A day to day effort to prevent smuggling in today's Coast Guard

 

On the Border

Allyson E. Taylor

Extracted From The Ninth Coast Guard District PIO Site

 

 

Nestled on the banks of the St. Lawrence River in upstate New York, summer mist slowly burns off as the sun breaks through the clouds, waking the small town of Massena to the promise of a warm, summer day just on the horizon.

  

This peaceful day begins with a routine patrol for Coast Guardsmen and Border Patrol agents who have been working together patrolling the waters around Massena for illegal importation.

 

“Last year we had six major seizures totaling $200,000 of hydroponic marijuana and 18 illegals (people),” said Chief Petty Officer Furman Alden, Officer in Charge at Station Alexandria Bay, N.Y. “Drugs, cash, cigarettes and people are smuggled across the border.  Marijuana and cash is smuggled South into the United States and cigarettes are smuggled North.” 

 

Since December 2002 there have been significant seizures, including 537 pounds of marijuana, over a quarter of a million dollars cash, 16 boats and over $200,000 worth of cigarettes.

 

Smuggling is just one of the worries in Massena. 

 

“The situation gets very complicated here.  There are two countries, two counties and a reservation,” said Petty Officer First Class Jesse Ponder of Station Alexandria Bay.

The Akwesasne Reservation is the only American reservation that crosses the border of two countries, which makes smuggling between Canada and America through the waterways easier, " Alden said.

 

“This is a prime area for smugglers since there are no customs checkpoints on the roads that run from Canada to the U.S. on the reservation.  Without checkpoints, there is no way to check or report what is coming into and going out of the country, making it easy to move product across the border,” Alden said.

 

While on patrol in the waterways, three two-man crews, consisting of one Coast Guardsman and one Border Patrol agent, are positioned at different intervals on the seven-mile stretch of water.  Having three boats at varying points on the river allows for a broader scope of area to be surveyed.  They communicate with one another anything that may seem suspicious.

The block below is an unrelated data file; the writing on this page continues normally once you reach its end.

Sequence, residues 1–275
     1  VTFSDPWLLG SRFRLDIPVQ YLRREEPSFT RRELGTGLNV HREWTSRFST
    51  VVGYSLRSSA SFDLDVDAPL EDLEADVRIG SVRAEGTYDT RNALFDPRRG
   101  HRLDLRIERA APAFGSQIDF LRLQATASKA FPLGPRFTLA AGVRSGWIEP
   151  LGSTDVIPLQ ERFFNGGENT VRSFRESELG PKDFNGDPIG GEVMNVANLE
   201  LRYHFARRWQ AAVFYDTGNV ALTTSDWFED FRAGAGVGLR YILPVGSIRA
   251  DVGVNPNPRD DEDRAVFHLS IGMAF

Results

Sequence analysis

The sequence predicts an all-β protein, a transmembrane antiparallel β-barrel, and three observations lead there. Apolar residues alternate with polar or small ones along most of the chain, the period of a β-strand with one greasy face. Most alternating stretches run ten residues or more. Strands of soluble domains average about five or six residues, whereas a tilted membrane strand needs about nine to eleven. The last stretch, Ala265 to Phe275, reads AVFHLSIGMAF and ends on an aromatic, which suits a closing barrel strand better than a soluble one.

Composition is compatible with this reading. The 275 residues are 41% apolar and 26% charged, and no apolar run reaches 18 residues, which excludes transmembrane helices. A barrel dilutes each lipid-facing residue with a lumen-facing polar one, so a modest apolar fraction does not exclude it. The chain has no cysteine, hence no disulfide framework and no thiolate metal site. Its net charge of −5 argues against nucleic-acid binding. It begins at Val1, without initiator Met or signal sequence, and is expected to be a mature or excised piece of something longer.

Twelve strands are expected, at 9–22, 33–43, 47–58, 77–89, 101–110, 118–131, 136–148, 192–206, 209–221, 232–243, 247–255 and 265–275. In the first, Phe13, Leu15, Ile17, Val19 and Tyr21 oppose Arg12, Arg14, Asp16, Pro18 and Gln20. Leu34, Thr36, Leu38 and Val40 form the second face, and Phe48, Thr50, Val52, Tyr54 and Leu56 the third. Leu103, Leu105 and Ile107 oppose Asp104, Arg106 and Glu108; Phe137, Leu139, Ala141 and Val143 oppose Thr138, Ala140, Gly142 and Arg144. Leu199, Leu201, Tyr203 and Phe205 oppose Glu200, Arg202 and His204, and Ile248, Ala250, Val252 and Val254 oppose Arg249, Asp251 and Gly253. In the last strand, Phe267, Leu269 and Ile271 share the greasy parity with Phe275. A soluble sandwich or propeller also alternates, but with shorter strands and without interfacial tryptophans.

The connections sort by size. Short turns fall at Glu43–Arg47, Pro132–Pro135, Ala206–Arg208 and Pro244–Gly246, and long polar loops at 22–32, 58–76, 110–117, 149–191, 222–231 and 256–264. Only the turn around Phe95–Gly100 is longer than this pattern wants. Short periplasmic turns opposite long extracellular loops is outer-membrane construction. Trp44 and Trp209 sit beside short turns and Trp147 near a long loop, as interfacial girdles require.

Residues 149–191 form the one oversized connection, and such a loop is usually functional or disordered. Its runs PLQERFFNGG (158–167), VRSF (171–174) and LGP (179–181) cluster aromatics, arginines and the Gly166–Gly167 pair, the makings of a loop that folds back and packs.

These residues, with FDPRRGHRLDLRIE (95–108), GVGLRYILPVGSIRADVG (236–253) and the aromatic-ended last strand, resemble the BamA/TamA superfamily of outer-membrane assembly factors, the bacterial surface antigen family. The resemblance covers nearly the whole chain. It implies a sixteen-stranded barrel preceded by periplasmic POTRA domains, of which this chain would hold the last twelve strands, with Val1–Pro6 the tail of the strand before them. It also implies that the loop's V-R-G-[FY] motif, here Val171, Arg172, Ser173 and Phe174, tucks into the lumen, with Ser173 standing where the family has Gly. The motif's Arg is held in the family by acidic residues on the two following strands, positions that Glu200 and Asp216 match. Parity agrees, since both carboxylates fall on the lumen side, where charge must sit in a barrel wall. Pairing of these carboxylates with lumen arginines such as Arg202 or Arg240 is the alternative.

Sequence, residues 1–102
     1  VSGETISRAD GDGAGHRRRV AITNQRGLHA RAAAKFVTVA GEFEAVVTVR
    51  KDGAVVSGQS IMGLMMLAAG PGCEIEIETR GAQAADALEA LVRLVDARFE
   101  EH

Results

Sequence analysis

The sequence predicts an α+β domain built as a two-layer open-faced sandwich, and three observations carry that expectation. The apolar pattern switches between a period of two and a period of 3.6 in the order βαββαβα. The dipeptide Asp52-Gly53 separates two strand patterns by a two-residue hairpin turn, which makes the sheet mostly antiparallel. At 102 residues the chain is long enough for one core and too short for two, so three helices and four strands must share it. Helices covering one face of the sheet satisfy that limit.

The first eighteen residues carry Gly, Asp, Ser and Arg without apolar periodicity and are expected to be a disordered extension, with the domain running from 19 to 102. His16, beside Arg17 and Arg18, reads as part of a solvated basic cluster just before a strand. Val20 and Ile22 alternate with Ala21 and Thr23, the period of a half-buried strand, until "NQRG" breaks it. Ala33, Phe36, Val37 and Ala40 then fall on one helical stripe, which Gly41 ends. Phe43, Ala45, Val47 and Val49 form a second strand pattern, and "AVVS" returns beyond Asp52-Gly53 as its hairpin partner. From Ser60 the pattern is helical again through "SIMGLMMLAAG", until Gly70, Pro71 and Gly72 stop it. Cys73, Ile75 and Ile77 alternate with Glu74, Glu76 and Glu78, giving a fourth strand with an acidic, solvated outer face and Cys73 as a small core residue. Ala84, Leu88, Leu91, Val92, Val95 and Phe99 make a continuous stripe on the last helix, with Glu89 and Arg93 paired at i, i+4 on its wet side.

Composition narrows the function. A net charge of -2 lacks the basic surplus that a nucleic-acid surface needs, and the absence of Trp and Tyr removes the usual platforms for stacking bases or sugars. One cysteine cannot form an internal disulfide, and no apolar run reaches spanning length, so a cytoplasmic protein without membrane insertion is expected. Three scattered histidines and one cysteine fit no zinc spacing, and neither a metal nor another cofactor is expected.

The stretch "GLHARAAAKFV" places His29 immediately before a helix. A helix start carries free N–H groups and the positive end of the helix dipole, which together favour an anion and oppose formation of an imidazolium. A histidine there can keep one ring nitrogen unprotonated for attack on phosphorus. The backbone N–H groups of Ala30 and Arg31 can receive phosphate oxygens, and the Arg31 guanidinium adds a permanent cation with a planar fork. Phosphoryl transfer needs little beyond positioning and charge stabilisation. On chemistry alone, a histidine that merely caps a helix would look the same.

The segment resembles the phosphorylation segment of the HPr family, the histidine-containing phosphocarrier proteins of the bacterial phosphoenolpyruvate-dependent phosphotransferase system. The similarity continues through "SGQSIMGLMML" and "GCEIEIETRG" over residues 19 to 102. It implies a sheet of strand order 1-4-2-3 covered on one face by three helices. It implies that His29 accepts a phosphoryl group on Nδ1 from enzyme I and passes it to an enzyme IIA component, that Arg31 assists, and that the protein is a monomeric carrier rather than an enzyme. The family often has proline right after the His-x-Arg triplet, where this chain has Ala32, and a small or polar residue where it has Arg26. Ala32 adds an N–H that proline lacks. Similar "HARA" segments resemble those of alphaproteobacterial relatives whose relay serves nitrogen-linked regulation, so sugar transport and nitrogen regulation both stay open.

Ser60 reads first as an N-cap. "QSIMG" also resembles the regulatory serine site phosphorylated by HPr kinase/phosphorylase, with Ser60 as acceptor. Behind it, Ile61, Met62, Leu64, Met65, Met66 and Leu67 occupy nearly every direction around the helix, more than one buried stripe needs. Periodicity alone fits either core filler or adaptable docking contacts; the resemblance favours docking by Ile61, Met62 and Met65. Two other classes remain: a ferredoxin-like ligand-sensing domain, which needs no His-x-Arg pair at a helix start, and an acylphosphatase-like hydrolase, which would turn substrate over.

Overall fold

“A couple of boats will pull into a dock on the Canadian side and are only there for a couple of minutes while they make the pick up, then take off,” said Petty Officer Second Class Ty Norris of Station Alexandria Bay.

 

Only one boat will have possession of what is being transported, but all of the boats will take off at the same time, hoping to confuse officials.

 

“We can’t chase all of them,” Norris said.  “We have to guess at which one took the product on board and pursue them.”

 

The boats the smugglers use are faster and can outrun Border Patrol and Coast Guard boats by 30 to 45 miles per hour, making a boat chase sometimes frustrating for the joint-agency crews. 

 

Occasionally, high-speed boat chases have lasted as long as five minutes.  Five minutes can seem like a long time when whipping around in an open boat without breaks, airbags or seat belts, on a river about the width of a two-lane highway.   Recently one chase ended only because the boat being pursued ran aground on an island, forcing the boat to an abrupt stop.

 

A new system is being implemented to the area to help in the fight against illegal importation.

 

Station Alexandria Bay introduced the Running Gear Entanglement System (RGES) to the Border Patrol as a new tool of detaining boats that are suspected of smuggling.  From a black box mounted on the tow bitt at the stern of a Coast Guard boat, 60 feet of line is shot toward the boat by 3300 pounds of pressurized air.  Once in the water, the boat runs over the line, causing it to become entangled in the propellers of the engines.  The engines cut out, ultimately forcing the boat to come to a stop.  Agents are then able to question the boat’s operator and inspect the contents on board.

           

 “Since we can’t catch these boats, we will have to follow them into one of the tributaries, set up the system and wait for them to come back out,” said Alden.  “When they come out, that is when we will have the chance to deploy RGES and apprehend anything illegal they might have on board.”

 

Throughout the Coast Guard, only three stations are authorized to use RGES. Station Alexandria Bay is the only unit in the Ninth District to have the system.

 

“Smugglers will always have bigger and faster boats, but anything helps, and the entanglement system is a start.  There is a good possibility it could work very well here in the right situation,” said Dick Ashlaw, Border Patrol Agent in Charge in Massena.

 

Every situation will not always be perfect, but every tool they can use helps in the fight against smuggling.

 

As night falls, the joint patrol comes to an end.  A last look at the water and Norris notices a boat creeping to a dock.  He grabs his binoculars to get a closer look. 

 

“You can never be too sure about what is going on.  It is better to be too cautious and keep an eye on anyone you may think suspicious.  If they aren’t breaking the law, they have nothing to worry about,” Norris said.

 

Ten minutes pass and the boat Norris spotted is moored to the dock.  The team assumes nothing suspicious is happening and it is safe to head in for the day.  They put on their goggles to protect their eyes from bugs flying through the night air and speed to the boat ramp, eager to end the patrol until next time.

 

September 30, 2004 

 

 

PA3 Allyson E. Taylor is on the staff of The Ninth Coast Guard District

 

 

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